Demand accountability. With no public input, Mayor Peduto & City Council rushed to approve their spending plan for Pittsburgh’s $335 Million of COVID relief funding in less than 3 weeks. They have already passed bills that speed up their proposed timeline, leaving less for our next mayor and the public to influence.
Write your councilperson today to demand accountability for our city’s COVID relief funds.
On August 31, 2021, Councilman Lavelle introduced four bills to allow the City of Pittsburgh to enter “agreements” or contracts with various departments outlined in spending plans for the city’s American Rescue Plan Act (ARPA). ARPA provides federal relief money to state and local governments to respond to COVID-19 related emergencies. The federal money is intended to flexibly “meet local needs” and to support “households, small businesses, impacted industries, essential workers, and the communities hardest hit by the crisis.”
Yet, while federal guidelines encourage governments to determine ARPA allocations through community engagement and public processes, the current Pittsburgh ARPA spending plan was developed behind closed doors, with a commission of just 3 Council members and the Mayor’s administration. The plan was subsequently approved by council with minimal revisions in less than 3 weeks. Despite outcry from hundreds of residents and community organizations like PPT on the lack of community input and transparency in the allocation process, the ARPA spending plan bills passed City Council on July 20, 2021 with a vote of 8-1. Some City Council members claimed that plans could be amended even after being passed, and planned a few listening sessions for early August.
These after-the-fact listening sessions unsurprisingly had little impact on slowing or amending the predetermined ARPA allocations; in fact, the four bills introduced on August 31 by Councilman Lavelle include an additional $24 million in Year 2 & 3 projected spendings to the Year 1 allocation in the budget approved by Council on July 20, 2021. Moreover, while the July vote proposed a multi-year spending plan, these bills would send the full allocation out the door immediately, and away from public oversight. These bills will allow the city to transfer money over to the Urban Redevelopment Authority (URA) for up to $74,878,811 (Bill 2021-1806); the Pittsburgh Water and Sewer Authority (PWSA) for up to $17,500,000 (Bill 2021-1805); $2,500,000 to Bill Peduto’s private organization OnePGH (Bill 2021-1803); and $80,000 to the Pittsburgh Parking Authority (PPA) (Bill 2021-1804).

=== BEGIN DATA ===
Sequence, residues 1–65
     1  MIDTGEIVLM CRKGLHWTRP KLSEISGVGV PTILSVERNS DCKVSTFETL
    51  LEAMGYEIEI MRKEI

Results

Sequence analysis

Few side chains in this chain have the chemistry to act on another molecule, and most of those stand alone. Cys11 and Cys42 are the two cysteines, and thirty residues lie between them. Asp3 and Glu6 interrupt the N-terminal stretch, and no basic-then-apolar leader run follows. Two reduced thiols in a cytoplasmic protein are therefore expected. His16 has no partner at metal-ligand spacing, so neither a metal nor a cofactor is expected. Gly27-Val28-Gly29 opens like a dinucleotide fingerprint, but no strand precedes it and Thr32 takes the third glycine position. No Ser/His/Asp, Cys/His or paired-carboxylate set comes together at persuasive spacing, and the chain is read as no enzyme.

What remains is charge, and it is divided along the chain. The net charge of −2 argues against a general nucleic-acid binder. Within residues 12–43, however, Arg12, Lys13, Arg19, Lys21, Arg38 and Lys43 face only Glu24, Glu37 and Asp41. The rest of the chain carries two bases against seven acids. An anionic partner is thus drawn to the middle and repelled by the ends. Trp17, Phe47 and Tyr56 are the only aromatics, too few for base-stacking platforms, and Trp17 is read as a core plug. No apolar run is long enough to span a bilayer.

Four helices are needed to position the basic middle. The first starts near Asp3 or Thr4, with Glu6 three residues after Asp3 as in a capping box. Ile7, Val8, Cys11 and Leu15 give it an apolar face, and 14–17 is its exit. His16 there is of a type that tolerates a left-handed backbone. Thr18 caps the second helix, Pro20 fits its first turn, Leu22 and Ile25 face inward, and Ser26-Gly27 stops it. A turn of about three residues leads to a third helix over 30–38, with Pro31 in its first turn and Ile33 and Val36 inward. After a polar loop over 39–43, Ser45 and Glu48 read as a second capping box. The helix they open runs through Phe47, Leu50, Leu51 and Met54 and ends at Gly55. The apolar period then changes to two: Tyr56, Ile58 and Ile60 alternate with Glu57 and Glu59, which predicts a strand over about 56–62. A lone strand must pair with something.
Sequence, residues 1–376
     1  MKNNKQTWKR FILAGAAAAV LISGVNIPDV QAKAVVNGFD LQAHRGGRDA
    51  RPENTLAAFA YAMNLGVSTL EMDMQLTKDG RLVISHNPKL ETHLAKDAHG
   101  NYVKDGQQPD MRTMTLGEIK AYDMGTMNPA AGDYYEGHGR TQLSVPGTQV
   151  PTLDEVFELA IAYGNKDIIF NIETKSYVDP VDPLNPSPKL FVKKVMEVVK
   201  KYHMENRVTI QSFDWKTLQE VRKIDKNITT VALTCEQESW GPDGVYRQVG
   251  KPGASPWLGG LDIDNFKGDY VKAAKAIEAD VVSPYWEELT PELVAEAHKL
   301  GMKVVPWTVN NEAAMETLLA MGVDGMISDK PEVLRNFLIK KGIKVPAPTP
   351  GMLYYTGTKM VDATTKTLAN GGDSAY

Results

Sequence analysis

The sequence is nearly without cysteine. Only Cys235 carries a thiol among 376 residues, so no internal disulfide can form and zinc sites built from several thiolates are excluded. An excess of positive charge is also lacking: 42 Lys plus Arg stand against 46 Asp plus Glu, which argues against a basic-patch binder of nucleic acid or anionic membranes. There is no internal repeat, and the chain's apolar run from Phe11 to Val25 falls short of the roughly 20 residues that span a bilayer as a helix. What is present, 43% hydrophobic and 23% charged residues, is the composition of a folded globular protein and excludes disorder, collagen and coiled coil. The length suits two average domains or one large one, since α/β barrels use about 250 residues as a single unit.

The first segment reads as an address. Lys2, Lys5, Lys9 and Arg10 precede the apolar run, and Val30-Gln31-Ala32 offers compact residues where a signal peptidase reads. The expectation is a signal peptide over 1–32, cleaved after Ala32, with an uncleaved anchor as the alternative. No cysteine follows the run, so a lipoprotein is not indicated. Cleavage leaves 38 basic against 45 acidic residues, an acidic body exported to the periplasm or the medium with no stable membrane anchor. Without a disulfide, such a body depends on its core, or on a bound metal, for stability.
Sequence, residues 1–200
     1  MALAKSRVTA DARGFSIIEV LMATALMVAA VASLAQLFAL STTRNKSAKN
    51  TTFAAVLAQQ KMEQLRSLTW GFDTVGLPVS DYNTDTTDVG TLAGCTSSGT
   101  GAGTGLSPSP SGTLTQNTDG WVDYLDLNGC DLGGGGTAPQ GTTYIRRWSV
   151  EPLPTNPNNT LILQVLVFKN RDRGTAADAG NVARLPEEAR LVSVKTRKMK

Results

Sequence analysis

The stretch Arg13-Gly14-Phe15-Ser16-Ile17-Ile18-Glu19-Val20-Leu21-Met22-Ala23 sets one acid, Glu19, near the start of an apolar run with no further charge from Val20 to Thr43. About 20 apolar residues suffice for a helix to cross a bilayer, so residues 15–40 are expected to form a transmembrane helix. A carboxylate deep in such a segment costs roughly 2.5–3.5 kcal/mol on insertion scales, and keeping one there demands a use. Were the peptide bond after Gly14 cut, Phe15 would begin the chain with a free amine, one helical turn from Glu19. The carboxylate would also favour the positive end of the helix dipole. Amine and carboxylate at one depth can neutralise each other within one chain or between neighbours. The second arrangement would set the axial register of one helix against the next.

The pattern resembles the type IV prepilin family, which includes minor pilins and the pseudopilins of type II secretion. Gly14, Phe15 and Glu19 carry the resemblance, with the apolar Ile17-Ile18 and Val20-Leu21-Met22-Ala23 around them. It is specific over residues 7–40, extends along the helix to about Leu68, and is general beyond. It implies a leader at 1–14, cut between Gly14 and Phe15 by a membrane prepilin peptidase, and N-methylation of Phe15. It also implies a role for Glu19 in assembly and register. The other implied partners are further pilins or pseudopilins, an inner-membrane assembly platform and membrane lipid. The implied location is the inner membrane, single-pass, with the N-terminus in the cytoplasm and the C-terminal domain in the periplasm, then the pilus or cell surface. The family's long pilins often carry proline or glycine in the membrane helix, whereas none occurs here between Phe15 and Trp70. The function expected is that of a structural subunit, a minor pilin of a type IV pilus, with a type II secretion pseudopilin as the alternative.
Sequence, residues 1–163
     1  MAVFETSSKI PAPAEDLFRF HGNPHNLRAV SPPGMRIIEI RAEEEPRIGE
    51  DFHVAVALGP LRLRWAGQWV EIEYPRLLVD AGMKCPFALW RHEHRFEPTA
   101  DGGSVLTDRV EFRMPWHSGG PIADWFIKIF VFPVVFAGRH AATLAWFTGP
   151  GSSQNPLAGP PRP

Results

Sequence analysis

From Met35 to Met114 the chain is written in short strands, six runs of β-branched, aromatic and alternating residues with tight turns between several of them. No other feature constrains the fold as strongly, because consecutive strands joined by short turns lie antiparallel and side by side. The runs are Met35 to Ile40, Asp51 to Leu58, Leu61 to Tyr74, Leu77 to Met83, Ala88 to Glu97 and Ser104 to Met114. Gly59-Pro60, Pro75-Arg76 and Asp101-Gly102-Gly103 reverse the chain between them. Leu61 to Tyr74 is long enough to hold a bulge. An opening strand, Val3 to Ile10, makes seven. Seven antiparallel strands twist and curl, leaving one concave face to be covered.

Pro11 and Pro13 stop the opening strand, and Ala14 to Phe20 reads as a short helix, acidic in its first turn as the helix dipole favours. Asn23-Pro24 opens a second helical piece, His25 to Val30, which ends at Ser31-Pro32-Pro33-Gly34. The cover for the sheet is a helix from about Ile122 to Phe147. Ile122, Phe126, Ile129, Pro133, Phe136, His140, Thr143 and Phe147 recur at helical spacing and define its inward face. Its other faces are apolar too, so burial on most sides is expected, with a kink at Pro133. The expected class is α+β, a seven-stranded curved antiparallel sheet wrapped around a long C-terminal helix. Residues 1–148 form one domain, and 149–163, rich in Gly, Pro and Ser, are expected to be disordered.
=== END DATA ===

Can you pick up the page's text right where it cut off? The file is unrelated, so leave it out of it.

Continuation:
This faster timeline means that almost $100 million or almost 30% of the city’s $335 million of ARPA funds will be transferred, all at once, with no City oversight or accountability to the public about how that money will be spent.
While we can lament specific allocations in these bills like $80,000 for a parking lot in East Liberty, and $2.5 million to a new non-profit (OnePGH) that is essentially run by the Mayor and his staff, the core issue is that the Mayor and most members of City Council have eschewed their responsibility to engage residents and constituents about their needs. Councilman Burgess has even claimed that public outcry against the closed-door allocations are about “limiting council, in trying to overthrow our right and responsibilities as the fiscal watchdogs.” In fact, the latest set of bills aimed at accelerating these payments out of Council control would do precisely what Councilman Burgess is describing, by undermining the City’s power as a fiscal watchdog and not allowing Year 1 investments to play out and be evaluated on their merit and impact.
Ensuring that remaining city ARPA funds are allocated and spent in a transparent, participatory and equitable manner will remain a struggle. However, PPT and the coalition of community organizations we work with know that power is in the people. We will continue to organize for a transparent, public process to identify and fund the needs of residents, particularly those most impacted by COVID, and to demand that our City does not write enormous checks to non-City, unaccountable entities.
“The Pittsburgh Food Policy Council is calling on City Council to follow the approved spending plan and stagger payments to external entities,” says Dawn Plummer, Executive Director.
TAKE ACTION TODAY
- We are calling on you to reach out to your Pittsburgh City Council member to ask that they amend the bills authorizing transfers of American Rescue Plan funds. Don’t know your City Council member? Find them here.
- Here’s a script:
“Dear Council Person [Insert Your Council Person’s Name Here]
Hello, my name is _______ and I am a resident of [insert neighborhood here]. I am contacting you today regarding the proposed legislation to allocate $95 million of the City of Pittsburgh’s American Rescue Plan (ARP) funds.
I urge you to only allocate the funds budgeted in the first year of the City’s ARP spending plan. There is no need to rush another $25 million out the door, especially when details about how funds will be used have not been provided.